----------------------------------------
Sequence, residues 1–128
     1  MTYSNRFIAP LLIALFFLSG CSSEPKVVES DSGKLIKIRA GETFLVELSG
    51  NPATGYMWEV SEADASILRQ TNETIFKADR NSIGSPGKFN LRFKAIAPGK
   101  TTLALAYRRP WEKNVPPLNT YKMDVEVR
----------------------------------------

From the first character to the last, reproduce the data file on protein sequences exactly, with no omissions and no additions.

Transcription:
Sequence, residues 1–128
     1  MTYSNRFIAP LLIALFFLSG CSSEPKVVES DSGKLIKIRA GETFLVELSG
    51  NPATGYMWEV SEADASILRQ TNETIFKADR NSIGSPGKFN LRFKAIAPGK
   101  TTLALAYRRP WEKNVPPLNT YKMDVEVR